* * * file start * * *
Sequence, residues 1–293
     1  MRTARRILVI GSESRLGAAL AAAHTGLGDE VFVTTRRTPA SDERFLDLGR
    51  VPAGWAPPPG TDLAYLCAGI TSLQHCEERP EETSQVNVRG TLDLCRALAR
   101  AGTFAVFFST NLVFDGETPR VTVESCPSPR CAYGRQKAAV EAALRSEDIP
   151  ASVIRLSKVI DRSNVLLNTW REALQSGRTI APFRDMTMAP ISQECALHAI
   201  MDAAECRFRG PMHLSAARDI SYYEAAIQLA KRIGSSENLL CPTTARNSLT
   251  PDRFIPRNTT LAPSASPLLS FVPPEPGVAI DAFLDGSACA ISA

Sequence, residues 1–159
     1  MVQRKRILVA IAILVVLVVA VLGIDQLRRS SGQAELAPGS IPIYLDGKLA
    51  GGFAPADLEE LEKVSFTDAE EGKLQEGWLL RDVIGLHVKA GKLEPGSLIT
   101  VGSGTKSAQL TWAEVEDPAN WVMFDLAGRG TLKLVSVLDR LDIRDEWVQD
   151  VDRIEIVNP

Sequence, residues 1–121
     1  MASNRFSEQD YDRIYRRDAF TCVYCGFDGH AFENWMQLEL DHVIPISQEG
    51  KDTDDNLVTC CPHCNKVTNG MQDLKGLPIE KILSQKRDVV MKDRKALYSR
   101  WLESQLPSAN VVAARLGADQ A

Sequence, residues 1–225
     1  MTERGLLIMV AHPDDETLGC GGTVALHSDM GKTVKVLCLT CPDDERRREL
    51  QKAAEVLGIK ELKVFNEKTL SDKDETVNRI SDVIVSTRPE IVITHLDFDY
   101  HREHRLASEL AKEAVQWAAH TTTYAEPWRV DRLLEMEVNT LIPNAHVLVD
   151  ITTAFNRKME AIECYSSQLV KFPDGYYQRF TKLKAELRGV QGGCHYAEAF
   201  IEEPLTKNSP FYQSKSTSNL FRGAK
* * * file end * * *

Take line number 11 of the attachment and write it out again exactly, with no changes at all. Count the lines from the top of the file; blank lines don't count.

   101  VGSGTKSAQL TWAEVEDPAN WVMFDLAGRG TLKLVSVLDR LDIRDEWVQD